Take a hike: Outdoor recreation program encourages students to explore Arizona
By Cooper Nelson
GCU News Bureau
From the desert mountains of Phoenix and the caves of Tucson to the glistening blue natural pools of Sedona and snowy regions of Flagstaff, Arizona is home to some of the nation’s best natural destinations and is ideal for those who love to hike, swim, explore and be active.
Chad Schlundt, outdoor recreation coordinator at Grand Canyon University, wants to make sure the University’s nearly 15,000 traditional students, especially those from out of state, get to see firsthand the natural beauty of the Grand Canyon State.
Schlundt joined GCU this summer and has organized several information classes and training sessions in addition to hiking, backpacking, skiing, swimming and other trips across the state as part of the University’s new outdoor recreation program. Future trips will include hiking Camelback Mountain in Phoenix and snowboarding in Flagstaff this winter and possibly surfing in San Diego over spring break. The trips are designed to foster relationships, create memories, explore Arizona and grow their faith. Most are free and first-come, first-served, and sign-ups will be capped.
A list of classes and trips are available at imleagues.com/GCU under the “Outdoor Recreation” tab.
Schlundt said the program is a way for students who may prefer exploring nature in addition to or over attending campus events or participating in intramurals to experience fellowship.
Upcoming classes and training:
“Outdoor recreation creates a whole different level of engagement for students, taking them out of their comfort zones and giving them a chance to grow closer to God, be in fellowship with their peers and have the opportunity to pray and reflect away from the busyness of society,” said Schlundt, who grew up fishing and hiking across Southern California.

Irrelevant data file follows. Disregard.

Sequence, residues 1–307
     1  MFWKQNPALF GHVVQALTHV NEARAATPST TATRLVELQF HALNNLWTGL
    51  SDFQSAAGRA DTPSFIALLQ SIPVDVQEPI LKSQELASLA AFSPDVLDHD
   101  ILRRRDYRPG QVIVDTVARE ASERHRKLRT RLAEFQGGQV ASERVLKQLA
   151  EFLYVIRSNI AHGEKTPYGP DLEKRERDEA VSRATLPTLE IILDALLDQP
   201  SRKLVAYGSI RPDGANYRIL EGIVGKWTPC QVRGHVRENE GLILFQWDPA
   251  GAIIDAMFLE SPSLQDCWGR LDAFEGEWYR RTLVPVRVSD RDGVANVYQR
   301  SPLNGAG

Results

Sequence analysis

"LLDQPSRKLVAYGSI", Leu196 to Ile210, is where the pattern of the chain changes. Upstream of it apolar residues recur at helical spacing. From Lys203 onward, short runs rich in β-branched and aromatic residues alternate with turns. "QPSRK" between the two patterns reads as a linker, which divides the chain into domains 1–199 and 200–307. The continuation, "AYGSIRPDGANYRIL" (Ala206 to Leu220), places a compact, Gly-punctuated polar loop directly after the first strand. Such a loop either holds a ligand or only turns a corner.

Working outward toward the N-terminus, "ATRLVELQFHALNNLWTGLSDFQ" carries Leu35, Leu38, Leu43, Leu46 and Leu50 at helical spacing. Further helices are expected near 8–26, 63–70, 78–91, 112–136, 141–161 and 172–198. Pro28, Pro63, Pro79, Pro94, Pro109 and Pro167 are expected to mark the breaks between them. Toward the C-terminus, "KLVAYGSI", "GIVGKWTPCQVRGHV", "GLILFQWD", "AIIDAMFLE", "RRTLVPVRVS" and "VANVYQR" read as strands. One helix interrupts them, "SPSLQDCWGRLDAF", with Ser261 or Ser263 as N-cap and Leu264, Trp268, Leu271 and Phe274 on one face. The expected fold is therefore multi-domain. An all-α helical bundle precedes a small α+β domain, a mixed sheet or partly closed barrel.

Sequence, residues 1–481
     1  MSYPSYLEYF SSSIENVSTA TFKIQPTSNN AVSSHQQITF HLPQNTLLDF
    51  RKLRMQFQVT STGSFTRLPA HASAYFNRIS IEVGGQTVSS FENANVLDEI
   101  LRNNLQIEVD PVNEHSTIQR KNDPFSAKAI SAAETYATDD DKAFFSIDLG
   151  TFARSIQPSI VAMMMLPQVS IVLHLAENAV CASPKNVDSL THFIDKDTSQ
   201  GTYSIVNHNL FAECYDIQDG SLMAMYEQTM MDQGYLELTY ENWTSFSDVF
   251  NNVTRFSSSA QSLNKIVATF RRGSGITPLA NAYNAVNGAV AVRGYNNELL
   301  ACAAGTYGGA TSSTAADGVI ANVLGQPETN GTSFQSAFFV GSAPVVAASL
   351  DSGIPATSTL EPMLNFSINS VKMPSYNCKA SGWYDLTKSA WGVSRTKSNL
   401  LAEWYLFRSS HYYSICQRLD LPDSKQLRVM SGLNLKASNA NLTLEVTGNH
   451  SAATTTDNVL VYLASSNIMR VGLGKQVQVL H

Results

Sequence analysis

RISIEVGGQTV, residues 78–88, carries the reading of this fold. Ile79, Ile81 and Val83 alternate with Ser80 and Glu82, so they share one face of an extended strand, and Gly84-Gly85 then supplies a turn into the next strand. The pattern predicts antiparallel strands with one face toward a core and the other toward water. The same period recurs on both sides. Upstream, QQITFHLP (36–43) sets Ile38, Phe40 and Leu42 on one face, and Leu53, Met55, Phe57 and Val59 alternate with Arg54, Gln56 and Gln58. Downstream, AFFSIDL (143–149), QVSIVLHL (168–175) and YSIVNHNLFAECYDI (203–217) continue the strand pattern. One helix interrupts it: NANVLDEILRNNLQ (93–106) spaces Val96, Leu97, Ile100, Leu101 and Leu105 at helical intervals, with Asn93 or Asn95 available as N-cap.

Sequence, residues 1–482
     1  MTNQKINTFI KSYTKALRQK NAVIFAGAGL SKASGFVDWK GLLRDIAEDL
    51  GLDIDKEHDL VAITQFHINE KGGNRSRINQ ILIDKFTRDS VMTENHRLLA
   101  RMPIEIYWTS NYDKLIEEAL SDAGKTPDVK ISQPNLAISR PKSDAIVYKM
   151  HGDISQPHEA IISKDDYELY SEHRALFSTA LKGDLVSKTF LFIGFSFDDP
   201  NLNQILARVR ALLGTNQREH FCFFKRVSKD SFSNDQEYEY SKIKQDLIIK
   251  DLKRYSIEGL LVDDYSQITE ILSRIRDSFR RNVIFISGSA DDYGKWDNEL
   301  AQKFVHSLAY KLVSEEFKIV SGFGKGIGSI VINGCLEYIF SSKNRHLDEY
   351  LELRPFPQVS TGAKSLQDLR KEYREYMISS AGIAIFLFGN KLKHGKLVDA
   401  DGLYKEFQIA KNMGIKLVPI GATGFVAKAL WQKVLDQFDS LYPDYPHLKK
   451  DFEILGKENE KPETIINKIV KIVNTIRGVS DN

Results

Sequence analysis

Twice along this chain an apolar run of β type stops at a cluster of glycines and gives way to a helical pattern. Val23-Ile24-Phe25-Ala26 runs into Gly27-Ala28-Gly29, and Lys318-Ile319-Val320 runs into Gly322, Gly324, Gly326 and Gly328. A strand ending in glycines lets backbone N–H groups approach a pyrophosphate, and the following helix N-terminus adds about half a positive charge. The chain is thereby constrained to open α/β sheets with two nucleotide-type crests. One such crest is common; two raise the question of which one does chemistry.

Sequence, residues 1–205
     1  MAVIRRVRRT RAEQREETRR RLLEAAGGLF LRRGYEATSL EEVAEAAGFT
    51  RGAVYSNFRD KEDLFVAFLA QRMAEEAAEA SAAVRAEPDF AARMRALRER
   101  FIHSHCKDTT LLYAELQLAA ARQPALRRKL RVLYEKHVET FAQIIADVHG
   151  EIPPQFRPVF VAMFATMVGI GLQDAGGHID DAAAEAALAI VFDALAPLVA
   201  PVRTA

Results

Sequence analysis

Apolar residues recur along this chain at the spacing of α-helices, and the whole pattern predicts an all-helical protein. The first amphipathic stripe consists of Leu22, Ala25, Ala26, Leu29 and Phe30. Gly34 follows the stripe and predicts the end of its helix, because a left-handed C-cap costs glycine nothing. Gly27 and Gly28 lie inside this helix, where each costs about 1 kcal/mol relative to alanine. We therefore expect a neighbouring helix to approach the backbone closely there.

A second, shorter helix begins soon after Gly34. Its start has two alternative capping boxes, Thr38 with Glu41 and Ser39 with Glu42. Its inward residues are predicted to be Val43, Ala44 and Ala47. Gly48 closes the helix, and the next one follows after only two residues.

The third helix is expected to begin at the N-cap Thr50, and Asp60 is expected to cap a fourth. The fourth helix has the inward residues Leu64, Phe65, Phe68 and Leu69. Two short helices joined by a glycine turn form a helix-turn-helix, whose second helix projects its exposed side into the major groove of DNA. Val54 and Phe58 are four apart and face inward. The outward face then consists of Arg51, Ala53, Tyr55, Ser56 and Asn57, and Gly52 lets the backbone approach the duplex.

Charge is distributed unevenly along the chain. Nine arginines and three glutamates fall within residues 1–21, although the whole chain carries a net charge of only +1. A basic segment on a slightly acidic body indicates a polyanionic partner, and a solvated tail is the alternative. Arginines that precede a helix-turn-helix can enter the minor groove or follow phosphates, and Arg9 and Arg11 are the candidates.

“We’re really trying to cater to all different types of people. We have people who are entry level and others who are more advanced and we have something for all of them.”
On Monday, 40 students traveled to Sedona for the program’s first event: an 8-mile round trip hike to Wet Beaver Creek (known locally as “The Crack”) to swim in the natural pools and cliff-jump. A second event is scheduled for Friday morning when students will hike to the top of Piestewa Peak in Phoenix to pray for the families of 9/11 victims.
Brittany Harms, a sophomore from Orange County, Calif., who loves to hike and be outdoors, spent Labor Day with the group in Sedona. As an out-of-state student, Harms said she doesn’t know the best places to hike or swim, but the program allows her to explore the state she now calls home while making new friends.
“I haven’t seen a lot of Arizona, I haven’t even been to the Grand Canyon, and GCU allows me to experience a place I never have before, which is great,” said Harms, a communication major. Cliff-jumping and sharing her passion for hiking were her favorite parts of the trip.
“I love the outdoors and I was really attracted to this because it is a great way to make friends. It makes it so much easier to meet people and make a connection because we have a common interest.”
Matt Lamb, director of intramurals, said the University also is developing new intramural sports and events to cater to the growing number of students. Sports like spikeball, bowling and softball will be added to popular intramural sports, soccer, sand volleyball, flag football and basketball. The first two intramural sports of the year, spikeball and indoor volleyball, started this week.
“A lot of campuses have programs like this, especially when they grow to this level, and we thought this would be a perfect fit for all this state has to offer,” Lamb said. “We are Grand Canyon University, after all, so maybe we should actually show some of our students, especially those from out of state, the Grand Canyon.”
Contact Cooper Nelson at 602.639.7511 or email@example.com.